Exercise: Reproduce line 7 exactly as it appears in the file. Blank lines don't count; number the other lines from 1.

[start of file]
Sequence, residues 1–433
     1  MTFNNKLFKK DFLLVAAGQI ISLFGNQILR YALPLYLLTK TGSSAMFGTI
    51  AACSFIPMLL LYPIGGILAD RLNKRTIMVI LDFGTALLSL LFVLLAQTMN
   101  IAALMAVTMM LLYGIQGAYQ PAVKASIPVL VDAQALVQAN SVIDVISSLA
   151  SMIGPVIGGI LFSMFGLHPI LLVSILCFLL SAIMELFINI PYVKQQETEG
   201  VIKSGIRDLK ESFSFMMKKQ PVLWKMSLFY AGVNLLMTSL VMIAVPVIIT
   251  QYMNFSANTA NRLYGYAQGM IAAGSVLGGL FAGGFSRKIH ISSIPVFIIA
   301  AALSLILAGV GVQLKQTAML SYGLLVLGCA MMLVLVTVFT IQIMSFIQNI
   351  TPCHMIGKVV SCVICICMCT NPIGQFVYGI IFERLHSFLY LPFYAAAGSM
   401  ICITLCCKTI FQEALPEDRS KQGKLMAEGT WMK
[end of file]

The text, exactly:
   251  QYMNFSANTA NRLYGYAQGM IAAGSVLGGL FAGGFSRKIH ISSIPVFIIA